alexa Mechanisms underlying abnormal trafficking of malignant progenitors in chronic myelogenous leukemia. Decreased adhesion to stroma and fibronectin but increased adhesion to the basement membrane components laminin and collagen type IV.
Molecular Biology

Molecular Biology

Journal of Cell Science & Therapy

Author(s): Verfaillie CM, McCarthy JB, McGlave PB

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Abstract We studied the adhesion of primitive and committed progenitors from chronic myelogenous leukemia (CML) and normal bone marrow to stroma and to several extracellular matrix components. In contrast to benign primitive progenitors from CML or normal bone marrow, Ph1-positive primitive progenitors from CML bone marrow fail to adhere to normal stromal layers and to fibronectin and its proteolytic fragments, but do adhere to collagen type IV, an extracellular matrix component of basement membranes. Similarly, multilineage colony-forming unit (CFU-MIX) progenitors from CML bone marrow do not adhere to fibronectin or its adhesion promoting fragments but adhere to collagen type IV. Unlike committed progenitors from normal bone marrow, CML single-lineage burst-forming units-erythroid and granulocyte/macrophage colony-forming units fail to adhere to fibronectin or its components but do adhere to both collagen type IV and laminin. Evaluation of adhesion receptor expression demonstrates that fibronectin receptors (alpha 4, alpha 5, and beta 1) are equally present on progenitors from normal and CML bone marrow. However, a fraction of CML progenitors express alpha 2 and alpha 6 receptors, associated with laminin and collagens, whereas these receptors are absent from normal progenitors. These observations indicate that the premature release of malignant Ph1-positive progenitors into the circulation may be caused by loss of adhesive interactions with stroma and/or fibronectin and acquisition of adhesive interactions with basement membrane components. Further study of the altered function of cell-surface adhesion receptors characteristic of the malignant clone in CML may lead to a better understanding of the mechanisms underlying both abnormal expansion and abnormal circulation of malignant progenitors in CML.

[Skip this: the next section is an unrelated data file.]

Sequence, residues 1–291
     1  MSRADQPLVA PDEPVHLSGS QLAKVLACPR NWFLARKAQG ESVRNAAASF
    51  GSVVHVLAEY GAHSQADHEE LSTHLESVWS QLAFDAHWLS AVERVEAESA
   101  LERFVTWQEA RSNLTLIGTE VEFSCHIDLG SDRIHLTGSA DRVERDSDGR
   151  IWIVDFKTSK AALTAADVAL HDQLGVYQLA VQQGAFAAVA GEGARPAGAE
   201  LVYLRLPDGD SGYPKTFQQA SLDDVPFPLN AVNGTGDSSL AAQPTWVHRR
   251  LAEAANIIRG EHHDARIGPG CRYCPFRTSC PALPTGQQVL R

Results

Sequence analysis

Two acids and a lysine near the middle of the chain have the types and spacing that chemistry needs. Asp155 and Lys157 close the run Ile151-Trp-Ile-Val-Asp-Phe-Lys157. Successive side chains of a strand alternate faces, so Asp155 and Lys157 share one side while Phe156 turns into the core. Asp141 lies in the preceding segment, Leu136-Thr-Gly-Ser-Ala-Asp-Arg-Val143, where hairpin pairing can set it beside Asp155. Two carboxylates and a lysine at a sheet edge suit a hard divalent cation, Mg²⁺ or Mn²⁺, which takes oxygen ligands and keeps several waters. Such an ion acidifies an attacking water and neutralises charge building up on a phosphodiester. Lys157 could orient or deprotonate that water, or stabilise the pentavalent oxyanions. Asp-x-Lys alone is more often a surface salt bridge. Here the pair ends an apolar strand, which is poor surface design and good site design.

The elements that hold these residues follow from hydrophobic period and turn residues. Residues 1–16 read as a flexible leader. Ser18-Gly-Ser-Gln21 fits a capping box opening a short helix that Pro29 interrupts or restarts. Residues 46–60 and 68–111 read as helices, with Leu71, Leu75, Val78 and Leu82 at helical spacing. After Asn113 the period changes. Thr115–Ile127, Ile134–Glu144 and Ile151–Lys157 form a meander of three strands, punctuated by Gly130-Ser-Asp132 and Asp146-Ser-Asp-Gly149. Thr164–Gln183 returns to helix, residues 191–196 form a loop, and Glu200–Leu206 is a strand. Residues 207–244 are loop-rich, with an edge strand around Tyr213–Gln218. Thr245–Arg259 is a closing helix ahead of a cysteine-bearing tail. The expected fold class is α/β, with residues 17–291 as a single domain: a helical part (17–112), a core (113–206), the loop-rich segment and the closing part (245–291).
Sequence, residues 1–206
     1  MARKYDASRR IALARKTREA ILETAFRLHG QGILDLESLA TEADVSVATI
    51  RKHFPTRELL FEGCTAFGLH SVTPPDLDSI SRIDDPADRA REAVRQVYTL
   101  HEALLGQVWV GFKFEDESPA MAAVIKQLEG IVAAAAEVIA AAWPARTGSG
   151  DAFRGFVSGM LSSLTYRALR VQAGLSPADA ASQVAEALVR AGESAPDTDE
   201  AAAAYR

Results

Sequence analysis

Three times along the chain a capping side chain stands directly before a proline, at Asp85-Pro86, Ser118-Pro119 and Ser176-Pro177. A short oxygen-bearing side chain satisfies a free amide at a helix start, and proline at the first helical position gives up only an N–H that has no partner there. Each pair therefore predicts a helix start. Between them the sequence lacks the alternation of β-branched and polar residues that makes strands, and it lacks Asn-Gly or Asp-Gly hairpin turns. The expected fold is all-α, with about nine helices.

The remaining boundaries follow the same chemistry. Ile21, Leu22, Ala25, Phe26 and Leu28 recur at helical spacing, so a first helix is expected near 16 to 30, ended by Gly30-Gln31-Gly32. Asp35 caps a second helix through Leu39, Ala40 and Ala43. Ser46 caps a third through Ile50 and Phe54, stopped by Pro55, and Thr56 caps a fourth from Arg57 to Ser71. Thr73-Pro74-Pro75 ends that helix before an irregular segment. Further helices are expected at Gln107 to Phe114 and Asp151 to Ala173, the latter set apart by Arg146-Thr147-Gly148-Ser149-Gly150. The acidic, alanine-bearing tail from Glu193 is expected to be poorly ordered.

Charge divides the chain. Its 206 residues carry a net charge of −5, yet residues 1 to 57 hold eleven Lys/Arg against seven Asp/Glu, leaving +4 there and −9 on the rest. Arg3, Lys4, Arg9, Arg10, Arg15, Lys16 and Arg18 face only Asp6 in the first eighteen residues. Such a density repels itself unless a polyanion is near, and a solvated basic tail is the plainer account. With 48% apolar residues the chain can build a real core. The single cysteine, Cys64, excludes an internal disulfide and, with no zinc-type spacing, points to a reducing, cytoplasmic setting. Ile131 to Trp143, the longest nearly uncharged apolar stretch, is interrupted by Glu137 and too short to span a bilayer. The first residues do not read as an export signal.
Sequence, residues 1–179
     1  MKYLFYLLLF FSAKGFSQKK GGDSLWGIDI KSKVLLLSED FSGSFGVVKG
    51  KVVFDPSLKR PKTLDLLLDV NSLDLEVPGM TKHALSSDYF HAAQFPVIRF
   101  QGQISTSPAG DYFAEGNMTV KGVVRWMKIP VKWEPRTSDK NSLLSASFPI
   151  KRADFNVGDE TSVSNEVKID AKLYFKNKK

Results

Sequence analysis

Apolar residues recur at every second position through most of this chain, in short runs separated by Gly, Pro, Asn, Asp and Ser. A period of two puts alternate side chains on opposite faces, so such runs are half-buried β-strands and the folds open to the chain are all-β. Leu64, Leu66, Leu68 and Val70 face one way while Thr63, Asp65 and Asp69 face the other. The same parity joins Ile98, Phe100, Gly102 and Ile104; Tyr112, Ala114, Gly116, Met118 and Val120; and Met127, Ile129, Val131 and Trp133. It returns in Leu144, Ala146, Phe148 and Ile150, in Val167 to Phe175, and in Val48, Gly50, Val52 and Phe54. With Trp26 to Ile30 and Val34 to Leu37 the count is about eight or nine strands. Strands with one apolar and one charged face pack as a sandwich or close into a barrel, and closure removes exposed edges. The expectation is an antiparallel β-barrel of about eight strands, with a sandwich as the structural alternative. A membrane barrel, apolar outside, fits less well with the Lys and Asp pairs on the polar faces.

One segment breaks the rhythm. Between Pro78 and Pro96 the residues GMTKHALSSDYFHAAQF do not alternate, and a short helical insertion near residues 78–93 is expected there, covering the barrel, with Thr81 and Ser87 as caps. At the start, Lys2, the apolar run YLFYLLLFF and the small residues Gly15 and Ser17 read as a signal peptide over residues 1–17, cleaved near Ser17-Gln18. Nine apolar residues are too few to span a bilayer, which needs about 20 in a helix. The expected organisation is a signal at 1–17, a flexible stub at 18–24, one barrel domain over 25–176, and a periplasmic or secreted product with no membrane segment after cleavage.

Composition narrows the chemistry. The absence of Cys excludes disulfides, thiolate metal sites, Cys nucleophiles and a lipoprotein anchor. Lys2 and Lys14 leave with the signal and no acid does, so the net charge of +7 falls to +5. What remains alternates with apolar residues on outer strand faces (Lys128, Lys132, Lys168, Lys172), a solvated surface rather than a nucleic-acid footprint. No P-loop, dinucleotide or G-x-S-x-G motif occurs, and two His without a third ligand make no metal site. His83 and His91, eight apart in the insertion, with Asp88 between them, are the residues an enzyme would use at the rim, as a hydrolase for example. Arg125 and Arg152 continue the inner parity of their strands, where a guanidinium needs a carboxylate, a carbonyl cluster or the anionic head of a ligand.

This article was published in J Clin Invest and referenced in Journal of Cell Science & Therapy

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